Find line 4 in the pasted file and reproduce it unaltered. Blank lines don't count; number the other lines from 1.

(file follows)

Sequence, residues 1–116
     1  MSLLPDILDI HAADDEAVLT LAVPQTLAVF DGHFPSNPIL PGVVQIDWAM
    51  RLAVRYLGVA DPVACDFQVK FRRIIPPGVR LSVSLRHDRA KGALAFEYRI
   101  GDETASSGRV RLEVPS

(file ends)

   101  GDETASSGRV RLEVPS